Eels in Thames 'left hyperactive due to high levels of cocaine in water'

Eels in the Thames are becoming hyperactive because of the high levels of cocaine in the city’s waste water, scientists say.

New research by a team at King's College London found that Londoners are using the class A drug consistently throughout the week, with fears that it is hurting the river’s wildlife.

"Concentrations of cocaine and benzoylecgonine remained high in wastewater across the week with only a minor increase over the weekend, which is not consistent with other cities, “ the reseachers said in a paper.

"London is known as one of the highest consumers of cocaine and this suggested everyday usage."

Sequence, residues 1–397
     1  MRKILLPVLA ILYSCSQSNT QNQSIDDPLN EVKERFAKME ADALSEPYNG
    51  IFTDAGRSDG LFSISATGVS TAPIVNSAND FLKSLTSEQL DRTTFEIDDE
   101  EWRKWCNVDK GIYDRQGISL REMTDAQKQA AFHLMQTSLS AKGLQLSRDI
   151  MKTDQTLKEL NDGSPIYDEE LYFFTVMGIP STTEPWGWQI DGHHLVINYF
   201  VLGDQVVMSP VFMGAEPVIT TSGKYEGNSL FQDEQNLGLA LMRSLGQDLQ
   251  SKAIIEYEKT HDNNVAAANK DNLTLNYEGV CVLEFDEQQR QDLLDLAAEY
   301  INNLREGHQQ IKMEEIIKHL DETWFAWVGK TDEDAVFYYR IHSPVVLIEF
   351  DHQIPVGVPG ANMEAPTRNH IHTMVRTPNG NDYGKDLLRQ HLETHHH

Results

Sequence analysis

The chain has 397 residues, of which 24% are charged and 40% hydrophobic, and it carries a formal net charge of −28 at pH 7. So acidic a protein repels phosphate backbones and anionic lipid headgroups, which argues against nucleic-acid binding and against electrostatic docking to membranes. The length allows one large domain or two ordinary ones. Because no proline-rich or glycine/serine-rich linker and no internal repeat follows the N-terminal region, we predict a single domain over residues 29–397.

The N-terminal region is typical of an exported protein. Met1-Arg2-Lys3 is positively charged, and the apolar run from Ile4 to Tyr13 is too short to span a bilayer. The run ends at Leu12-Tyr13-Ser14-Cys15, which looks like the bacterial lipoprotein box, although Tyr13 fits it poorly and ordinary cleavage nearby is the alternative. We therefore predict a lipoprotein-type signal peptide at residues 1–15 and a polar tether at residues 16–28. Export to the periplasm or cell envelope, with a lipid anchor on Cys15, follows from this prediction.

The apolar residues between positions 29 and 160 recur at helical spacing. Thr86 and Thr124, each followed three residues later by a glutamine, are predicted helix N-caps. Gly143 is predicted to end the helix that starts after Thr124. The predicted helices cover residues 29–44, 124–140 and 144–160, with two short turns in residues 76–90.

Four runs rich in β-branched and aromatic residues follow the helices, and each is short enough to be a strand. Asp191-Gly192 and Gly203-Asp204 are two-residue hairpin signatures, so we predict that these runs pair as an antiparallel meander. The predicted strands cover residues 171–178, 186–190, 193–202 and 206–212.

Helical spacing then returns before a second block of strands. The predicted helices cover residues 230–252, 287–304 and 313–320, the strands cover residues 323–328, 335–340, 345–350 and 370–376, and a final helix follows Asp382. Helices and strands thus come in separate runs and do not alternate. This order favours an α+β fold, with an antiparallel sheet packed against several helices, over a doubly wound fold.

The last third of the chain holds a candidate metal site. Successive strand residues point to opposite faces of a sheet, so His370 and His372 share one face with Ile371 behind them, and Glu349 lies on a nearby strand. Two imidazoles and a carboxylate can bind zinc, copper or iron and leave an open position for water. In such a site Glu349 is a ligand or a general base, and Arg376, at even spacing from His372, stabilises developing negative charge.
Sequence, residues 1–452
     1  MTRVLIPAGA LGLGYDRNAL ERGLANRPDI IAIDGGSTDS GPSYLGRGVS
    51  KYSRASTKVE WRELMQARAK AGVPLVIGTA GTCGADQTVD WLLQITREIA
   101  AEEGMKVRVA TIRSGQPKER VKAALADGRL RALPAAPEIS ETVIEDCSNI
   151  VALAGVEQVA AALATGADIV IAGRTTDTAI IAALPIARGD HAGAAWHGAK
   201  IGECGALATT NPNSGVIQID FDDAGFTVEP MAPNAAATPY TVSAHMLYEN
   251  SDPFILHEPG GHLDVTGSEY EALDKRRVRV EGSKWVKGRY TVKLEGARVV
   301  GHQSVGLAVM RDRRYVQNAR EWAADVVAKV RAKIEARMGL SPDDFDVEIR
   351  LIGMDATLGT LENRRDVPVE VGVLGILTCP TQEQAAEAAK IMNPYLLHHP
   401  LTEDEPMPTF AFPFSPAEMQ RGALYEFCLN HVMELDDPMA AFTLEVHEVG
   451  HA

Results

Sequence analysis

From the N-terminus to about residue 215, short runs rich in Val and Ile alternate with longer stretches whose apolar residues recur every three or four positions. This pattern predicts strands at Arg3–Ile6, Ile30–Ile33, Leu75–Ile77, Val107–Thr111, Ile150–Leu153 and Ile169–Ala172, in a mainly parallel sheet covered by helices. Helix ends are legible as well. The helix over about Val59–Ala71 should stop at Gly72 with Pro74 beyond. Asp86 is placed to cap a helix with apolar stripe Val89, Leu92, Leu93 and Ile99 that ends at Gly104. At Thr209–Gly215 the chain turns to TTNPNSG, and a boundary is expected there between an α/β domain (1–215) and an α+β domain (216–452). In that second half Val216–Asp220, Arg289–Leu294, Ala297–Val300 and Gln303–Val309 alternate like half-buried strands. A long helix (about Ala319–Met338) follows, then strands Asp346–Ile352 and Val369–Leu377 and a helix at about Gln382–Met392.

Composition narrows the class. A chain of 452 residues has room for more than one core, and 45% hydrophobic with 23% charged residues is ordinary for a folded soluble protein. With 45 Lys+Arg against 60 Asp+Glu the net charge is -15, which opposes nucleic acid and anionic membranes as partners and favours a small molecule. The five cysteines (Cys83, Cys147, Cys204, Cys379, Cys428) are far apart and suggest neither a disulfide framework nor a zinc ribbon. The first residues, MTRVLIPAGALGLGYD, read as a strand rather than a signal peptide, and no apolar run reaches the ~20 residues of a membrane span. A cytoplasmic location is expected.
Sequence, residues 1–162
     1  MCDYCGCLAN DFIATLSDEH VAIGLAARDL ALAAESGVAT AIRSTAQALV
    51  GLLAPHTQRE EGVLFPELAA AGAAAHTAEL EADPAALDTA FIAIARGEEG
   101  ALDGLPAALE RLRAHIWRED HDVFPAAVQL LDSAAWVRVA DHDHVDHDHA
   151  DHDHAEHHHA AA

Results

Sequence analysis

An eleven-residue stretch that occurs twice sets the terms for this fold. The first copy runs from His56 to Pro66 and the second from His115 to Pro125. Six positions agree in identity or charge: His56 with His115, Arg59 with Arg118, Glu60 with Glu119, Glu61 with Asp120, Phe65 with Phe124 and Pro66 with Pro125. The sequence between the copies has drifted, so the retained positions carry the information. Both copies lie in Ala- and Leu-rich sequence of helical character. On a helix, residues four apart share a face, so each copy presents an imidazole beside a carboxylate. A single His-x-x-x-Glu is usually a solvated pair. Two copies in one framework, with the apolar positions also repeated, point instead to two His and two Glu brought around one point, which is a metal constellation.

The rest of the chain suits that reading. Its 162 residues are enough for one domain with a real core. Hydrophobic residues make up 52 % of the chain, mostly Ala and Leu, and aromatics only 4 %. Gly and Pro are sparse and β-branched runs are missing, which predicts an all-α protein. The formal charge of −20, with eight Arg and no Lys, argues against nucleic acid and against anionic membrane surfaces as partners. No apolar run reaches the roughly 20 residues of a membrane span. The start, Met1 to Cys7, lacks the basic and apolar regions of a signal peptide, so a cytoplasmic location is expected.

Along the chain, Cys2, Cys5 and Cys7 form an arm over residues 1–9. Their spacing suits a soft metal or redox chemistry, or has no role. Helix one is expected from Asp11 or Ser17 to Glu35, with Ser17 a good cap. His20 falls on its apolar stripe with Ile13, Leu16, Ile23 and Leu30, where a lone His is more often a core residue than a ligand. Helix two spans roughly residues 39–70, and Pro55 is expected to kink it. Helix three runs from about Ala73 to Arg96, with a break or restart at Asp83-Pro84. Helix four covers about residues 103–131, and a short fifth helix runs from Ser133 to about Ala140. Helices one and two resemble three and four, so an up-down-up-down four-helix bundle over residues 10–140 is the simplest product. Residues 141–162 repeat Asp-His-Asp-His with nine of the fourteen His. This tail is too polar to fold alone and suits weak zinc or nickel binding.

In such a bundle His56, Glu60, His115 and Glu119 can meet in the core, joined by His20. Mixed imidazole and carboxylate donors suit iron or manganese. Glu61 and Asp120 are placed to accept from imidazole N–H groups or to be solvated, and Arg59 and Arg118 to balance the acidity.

Scientists using a monitoring station near the Houses of Parliament found there was a constant low level of cocaine entering the river, The Sunday Times reported.

London’s water treatment plants are failing to filter out the class A drug, while downpours are overwhelming waste plants and carry sewage into the river.

"Increases in caffeine, cocaine and benzoylecgonine were observed 24 hours after sewer overflow events,” the reseachers said.

The paper has been read alongside a separate report, published by the University of Naples Federico II last year, which showed European eels “appeared hyperactive” when put in water containing a small dose of cocaine.

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